Renaissance Posts

The Invention of Surgery: A History of Modern Medicine: From the Renaissance to the Implant Revolution

One of the advantages of making books available across platforms –digital and print– has been the increase in the voracious appetites of readers. It is enabling readers to be at ease with inter-discilinary texts. It has also given publishers the joy of commissioning texts that appeal to lay readers but are encyclopaedic in material with the possibility of many spinoffs in rights deals. The Invention of Surgery, A History of Modern Medicine: From the Renaissance to the Implant Revolution is one such book. Packed with information, anecdotes, historical facts etc detailing the revolution in technology through history reformed surgical practices. And it is an evolutionary process that is ongoing. It is also an astonishing reminder that much of the surgical theory and practices that we are familiar with were discovered during the Victorian Age and twentieth century. Somehow this book reminded me of of the superb BBC TV documentary series made in 1985 called “Soldiers”. It was hosted by author Frederick Forsyth and scripted by renowned historian John Keegan. ‘Soldiers’ told the history of men in battles, bringing together footage, oral histories, interviews etc. It was a fascinating patchwork that really brought the life of soldiers during the World Wars to life. Same holds true for Schneider’s book with regard to modern medicine and surgery. It is a connecting of dots with minute details that makes for a fascinating historical account. I only wish that the font size was bigger and margins broader.

Nevertheless I hope it is turned into a television series soon!

8 Nov 2020

Ali Smith – “How to be Both”

Ali Smith – “How to be Both”

How-to-be-BothIt is like everything is in layers. Things happen right at the front of the pictures and at the same time they continue happening, both separately and connectedly, behind, and behind that, and again behind that, like you can see, in perspective,for miles. Then there are the separate details, like that man with the duck. They’re all also happening on their own terms. The picture makes you look at both — the close-up happenings and the bigger picture.  (p.53)

This is a novel ( if you can call it so) that is cleanly divided in to two parts. The first part, set in the 1960s, is narrated by George, the conversations she had with her mum especially concerning art and life with her father and at school after her mother passed away. Her mother, Dr Carol Martineau, an economist journalist was not  exactly famous, but was prominent — “she had quite an important job at a think-tank and occasionally published opinion pieces in the Guardian or the Telegraph and sometimes also the American papers in their European editions, and a lot more people knew who she was after it was unveiled in the papers about the guerilla internet stuff.” Of all the whacky things her mother was known to have done, the craziest was the spontaneous trip to Ferrara, Italy she took her two children to. She wanted to show them the frescoes painted by Francesco del Cossa ( 1435-77). The second part of the book is narrated by Francesco, set in Renaissance Italy, describes the life of the artist, apprenticing to his father and later earning his own commissions, most notably the frescoes at Ferrara.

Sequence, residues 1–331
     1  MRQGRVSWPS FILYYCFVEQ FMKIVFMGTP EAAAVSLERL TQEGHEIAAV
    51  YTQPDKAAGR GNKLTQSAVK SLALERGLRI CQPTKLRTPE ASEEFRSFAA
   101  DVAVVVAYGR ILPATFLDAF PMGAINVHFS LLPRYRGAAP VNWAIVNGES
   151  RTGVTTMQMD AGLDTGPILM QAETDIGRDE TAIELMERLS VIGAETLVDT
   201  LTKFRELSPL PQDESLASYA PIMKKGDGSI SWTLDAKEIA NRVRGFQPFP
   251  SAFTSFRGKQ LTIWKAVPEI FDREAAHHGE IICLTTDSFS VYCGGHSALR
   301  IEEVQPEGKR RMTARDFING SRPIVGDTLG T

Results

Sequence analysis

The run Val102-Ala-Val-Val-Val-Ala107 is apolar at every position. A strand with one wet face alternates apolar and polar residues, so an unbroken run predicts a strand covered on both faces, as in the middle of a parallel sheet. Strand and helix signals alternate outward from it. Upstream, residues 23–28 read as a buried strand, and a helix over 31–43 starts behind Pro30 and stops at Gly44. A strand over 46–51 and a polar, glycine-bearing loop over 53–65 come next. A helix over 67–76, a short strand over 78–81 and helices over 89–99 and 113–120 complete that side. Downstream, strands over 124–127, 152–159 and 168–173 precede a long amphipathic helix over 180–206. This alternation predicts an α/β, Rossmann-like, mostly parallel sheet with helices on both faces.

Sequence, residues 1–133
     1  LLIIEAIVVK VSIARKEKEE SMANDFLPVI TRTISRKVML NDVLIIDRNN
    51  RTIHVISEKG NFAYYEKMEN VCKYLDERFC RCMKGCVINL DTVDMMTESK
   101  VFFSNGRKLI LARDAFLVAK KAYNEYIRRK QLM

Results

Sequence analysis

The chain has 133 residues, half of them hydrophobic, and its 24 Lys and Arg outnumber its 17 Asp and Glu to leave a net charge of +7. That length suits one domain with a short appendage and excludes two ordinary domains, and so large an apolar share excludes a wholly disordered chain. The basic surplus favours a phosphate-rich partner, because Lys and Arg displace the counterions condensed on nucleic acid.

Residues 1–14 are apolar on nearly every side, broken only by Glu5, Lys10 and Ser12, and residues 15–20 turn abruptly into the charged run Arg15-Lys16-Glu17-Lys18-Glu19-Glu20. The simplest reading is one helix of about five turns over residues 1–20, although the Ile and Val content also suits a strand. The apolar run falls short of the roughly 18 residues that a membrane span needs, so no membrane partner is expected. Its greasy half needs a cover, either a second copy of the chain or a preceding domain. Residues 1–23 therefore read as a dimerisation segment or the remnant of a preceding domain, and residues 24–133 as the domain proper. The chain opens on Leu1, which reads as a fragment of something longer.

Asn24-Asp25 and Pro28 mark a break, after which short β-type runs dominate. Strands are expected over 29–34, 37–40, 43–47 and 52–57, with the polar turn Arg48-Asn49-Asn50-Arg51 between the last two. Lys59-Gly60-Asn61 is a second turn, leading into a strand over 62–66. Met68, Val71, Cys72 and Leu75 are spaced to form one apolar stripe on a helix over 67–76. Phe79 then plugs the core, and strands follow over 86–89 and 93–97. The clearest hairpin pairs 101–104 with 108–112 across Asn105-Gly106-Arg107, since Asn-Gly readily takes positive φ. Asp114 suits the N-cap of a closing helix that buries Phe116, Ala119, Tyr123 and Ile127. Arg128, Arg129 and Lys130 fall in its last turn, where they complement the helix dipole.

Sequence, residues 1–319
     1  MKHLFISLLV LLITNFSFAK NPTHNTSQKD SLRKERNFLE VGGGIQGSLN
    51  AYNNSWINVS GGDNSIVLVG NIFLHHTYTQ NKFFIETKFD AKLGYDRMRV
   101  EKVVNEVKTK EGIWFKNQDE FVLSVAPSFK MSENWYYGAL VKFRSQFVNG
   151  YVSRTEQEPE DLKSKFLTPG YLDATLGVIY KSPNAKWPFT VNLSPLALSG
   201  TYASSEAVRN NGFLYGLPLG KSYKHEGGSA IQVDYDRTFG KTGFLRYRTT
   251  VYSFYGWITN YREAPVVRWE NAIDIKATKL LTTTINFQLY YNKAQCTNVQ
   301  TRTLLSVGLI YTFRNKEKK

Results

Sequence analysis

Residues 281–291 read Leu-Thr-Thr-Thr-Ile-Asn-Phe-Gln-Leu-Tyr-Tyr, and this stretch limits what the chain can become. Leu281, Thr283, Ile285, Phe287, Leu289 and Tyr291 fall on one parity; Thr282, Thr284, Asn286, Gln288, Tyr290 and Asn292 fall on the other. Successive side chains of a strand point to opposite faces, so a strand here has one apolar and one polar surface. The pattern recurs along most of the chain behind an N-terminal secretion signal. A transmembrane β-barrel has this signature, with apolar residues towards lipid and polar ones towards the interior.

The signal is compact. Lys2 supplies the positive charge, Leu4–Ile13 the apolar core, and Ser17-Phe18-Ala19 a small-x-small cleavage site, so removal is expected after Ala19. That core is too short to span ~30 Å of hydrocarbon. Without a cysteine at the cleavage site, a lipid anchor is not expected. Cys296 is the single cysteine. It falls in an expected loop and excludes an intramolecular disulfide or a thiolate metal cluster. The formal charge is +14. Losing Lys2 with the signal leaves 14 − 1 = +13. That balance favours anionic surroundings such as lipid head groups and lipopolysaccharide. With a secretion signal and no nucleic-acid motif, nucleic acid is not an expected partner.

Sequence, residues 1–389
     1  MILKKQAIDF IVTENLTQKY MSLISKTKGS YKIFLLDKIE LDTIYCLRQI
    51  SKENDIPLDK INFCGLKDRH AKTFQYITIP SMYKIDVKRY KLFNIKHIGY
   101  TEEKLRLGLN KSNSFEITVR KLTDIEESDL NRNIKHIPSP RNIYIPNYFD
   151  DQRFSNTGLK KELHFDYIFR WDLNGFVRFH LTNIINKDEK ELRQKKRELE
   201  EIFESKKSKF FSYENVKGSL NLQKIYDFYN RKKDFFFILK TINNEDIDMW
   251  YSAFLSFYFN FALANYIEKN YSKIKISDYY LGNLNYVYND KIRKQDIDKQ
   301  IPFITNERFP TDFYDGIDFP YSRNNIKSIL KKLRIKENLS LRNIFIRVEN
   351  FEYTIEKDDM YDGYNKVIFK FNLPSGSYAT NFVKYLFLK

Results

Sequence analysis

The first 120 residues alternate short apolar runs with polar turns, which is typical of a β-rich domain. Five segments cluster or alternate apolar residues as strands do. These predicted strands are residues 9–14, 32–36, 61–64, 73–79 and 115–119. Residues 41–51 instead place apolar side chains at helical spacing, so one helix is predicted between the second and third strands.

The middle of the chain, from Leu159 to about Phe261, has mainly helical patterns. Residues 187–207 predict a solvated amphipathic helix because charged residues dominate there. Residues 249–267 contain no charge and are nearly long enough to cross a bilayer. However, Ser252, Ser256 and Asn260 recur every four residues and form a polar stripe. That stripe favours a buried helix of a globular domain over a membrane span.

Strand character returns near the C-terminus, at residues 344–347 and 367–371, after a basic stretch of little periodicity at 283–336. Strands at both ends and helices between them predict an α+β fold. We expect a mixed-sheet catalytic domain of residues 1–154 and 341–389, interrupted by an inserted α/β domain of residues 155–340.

Much of the experience of reading the book depends upon the level of engagement the reader has with the book. Also it does not seem to matter to the quality of experience gained, if you read George’s story first or Francesco del Cossa, either which way it will work. This experimentation with the form and content is much in keeping with Ali Smith’s views on the topic. In a lecture that she delivered at the Edinburgh Writer’s Festival in 2012 – “Style vs Content: How should authors approach the task of writing a novel today?” ( ) she explored the issues about form, style and content and the task of a reader. Ali Smith quotes Jane Austen who wants her readers to be clever. Ali Smith goes on to say that style is important and integral to the art of a novel, but it is not a language. It is derived from the Latin word that means it is a stylus or a writing implement.

How to be both has been shortlisted for the Man Booker Prize 2014. It is a well deserved spot in the limelight. If it wins the Booker, remains to be seen. I hope it does!

Ali Smith How to be Both Hamish Hamilton, an imprint of Penguin Books, New Delhi, 2014. Pb. pp. 380 Rs. 599

9 October 2014


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